Icons in Sound 70s-80s-

I was introduced to Metropolitan Anthony, leader of the Russian Orthodox Church in England, by Father Malachy.   I became Orthodox whilst still organist at St John’s, Kinsongton, and was immediately asked by Metropolitan Anthony to make a setting of the liturgy in English.  This was the start of a long journey into Eastern Christianity.

On converting to Orthodoxy, I began setting the liturgy.  This I did knowing nothing of tradition or the sacred tones, and it was sung in the Russian Cathedral.  It caused a furore, and people came up to me and said it was just your own composed music – where are the sacred tones?  This brought about a crisis in my composing life.  I wanted so much to compose truly sacred music.  I stopped writing and made a study of Znameny and Byzantine chant.  During this time I had been to Greece and met Victoria Marangopoulos and her father.  We later married, and although our marriage was very short-lived, she and her beloved father inspired me to write many works and also gave me a life-long love of Greece.

I met the Irish playwright, Gerrard McLarnon in the mid 70s.  He was a wonderfully wild but gentle man, in love with the Orthodox Church, Francis Bacon, Dostoyevsky and Greek Tradegy.  I had come to know the French Saint, St Therese of Lisieux through the postulant nun who was still influencing me deeply.  I asked Gerry to collaborate with me on an opera about St Therese.  We both travelled frequently to Lisieux and met one of the nun’s who knew St Therese’s sister.  I remember her sitting behind the Grill and handing us a piece of paper with the words ‘Therese – atheiste’.  We both became very excited by this and returned home to work on this dramatic piece of information.  She was a manifestation of the dark night of the soul.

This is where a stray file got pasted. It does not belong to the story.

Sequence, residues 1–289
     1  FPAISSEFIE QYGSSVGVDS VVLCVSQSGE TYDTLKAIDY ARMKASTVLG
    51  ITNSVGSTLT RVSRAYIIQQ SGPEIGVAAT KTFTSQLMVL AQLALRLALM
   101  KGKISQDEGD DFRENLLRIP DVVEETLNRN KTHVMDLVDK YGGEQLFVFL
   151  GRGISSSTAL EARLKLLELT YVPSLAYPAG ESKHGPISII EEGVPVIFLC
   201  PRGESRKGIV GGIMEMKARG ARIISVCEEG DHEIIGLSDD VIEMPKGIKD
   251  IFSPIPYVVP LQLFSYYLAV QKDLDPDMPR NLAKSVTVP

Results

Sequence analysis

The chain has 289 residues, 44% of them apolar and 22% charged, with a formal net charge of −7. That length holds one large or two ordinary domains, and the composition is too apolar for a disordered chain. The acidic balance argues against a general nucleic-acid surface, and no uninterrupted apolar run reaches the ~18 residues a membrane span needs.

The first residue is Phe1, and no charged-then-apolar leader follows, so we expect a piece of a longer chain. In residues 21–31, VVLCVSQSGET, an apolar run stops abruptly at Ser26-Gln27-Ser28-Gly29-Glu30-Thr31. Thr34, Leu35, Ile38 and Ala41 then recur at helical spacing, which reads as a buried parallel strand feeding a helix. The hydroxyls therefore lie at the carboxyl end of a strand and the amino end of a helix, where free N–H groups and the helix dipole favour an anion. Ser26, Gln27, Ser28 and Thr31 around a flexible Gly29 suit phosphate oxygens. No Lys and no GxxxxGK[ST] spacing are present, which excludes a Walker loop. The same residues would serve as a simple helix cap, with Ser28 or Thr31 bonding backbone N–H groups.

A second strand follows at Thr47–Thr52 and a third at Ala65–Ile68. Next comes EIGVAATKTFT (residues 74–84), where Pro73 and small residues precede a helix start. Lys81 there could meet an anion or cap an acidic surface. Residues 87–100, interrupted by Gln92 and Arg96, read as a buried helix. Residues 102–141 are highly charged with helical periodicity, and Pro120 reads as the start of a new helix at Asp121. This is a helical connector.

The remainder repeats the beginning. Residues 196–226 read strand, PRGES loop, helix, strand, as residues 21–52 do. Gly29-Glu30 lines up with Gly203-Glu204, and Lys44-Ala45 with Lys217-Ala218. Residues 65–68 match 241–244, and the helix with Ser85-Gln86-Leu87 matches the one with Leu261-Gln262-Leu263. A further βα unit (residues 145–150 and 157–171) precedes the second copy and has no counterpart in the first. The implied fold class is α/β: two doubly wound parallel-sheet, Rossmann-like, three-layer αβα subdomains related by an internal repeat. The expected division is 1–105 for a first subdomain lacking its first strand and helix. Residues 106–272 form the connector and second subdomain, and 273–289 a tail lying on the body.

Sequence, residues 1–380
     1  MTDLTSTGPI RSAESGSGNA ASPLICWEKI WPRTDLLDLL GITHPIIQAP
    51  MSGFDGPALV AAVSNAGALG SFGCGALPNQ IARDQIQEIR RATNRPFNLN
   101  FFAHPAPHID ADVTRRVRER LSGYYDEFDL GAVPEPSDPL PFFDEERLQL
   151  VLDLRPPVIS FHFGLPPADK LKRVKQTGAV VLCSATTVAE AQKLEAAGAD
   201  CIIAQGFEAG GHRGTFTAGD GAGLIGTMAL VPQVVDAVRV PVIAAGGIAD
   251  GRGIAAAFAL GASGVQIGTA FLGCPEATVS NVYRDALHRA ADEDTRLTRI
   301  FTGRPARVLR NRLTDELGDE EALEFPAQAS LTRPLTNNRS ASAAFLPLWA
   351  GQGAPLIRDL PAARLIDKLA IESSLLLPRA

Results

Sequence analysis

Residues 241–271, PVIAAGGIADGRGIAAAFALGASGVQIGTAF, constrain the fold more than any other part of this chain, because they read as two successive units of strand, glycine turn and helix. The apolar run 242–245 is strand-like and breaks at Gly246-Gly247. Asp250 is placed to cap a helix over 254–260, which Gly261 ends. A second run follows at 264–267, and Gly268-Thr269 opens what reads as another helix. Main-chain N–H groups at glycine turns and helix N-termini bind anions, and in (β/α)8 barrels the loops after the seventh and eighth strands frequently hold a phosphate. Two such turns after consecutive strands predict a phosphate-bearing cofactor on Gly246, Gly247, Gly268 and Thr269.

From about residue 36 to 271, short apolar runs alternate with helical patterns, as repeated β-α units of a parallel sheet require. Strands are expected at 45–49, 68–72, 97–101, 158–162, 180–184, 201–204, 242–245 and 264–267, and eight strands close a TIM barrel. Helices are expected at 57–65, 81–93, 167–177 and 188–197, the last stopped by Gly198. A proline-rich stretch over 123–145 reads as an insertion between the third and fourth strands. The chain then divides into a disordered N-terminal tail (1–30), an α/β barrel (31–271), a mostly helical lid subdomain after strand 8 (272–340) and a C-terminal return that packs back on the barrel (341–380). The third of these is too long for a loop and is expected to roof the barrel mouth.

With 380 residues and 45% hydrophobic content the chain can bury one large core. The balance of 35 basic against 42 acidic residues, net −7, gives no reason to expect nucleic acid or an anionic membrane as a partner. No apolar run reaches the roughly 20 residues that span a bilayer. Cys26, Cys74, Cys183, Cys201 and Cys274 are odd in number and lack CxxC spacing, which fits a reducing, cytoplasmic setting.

After completing Therese, Gerry introduced me to a short story by Dostoyevsky, The Gentle Spirit.  This became a rather apocalyptic chamber opera.  I read Dostoyevky and Berdiyaev at this time.  My last collaboration with Gerry was with the Immurement of Antigone.  After recovering from a slight stroke, I fell under the spell of the great Russian poet, Anna Akhmatova, and composed a setting of her great poem Requiem.  Russia and Greece had become the countries where I found treasure houses of inspiration.

In 1980, I met the artist Cecil Collins and his wife Elizabeth.  We discussed music almost daily.  Both Cecil and Elizabeth became very special friends and a huge inspiration.  He introduced me to Blake and the traditionalist thinkers.  The Lamb, a setting of Blake, was written in 1982.

I was introduced to Philip Sherrard, Orthodox theologian, through Cecil.  I visited him in Katounia on the beautiful Greek island of Evia to discuss a possible opera based on St Mary of Egypt.  I returned home to more strict Orthodox traditional concerns and set the entire Orthodox Vigil Service for Christ Church, Oxford with Bishop Kallistos celebrating.  This more than satisfied my traditionalist Orthodox critics.

My meeting with the Russian Orthodox Abbess, Mother Thekla, began a collaboration that lasted 20 years, and friendship that has lasted to the present day.  She encouraged me to write Orthodox-inspired music rather than strict Orthodox music.  In 1987 Mother Thekla translated the great life-affirming hymn written by Archpriest Gregory Petrov in a labour camp during the Stalinist purges.  I immediately set it to music in a flood of inspiration: The Akathist of Thanksgiving.  We went on to work together on Mary of Egypt, a moving icon in sound of the story of a prostitute who became a desert mother, and thereafter a saint.

Icons, and specifically icons of the Mother of God were to inspire me again and again, one of them was The Protecting Veil.  The piece marked another turning point.  I met Maryanna at the premier of The Protecting Veil in 1989, having originally met in 1985 at the dedication of Cecil Collins’ stained glass window in Basingstoke.  We married in 1991.

I worked on Resurrection in 1989, the text Mother Thekla put together from services in Holy Week, the Gospels and the Old Testament.  This three-hour piece was premiered when Glasgow was European city of culture in 1992.


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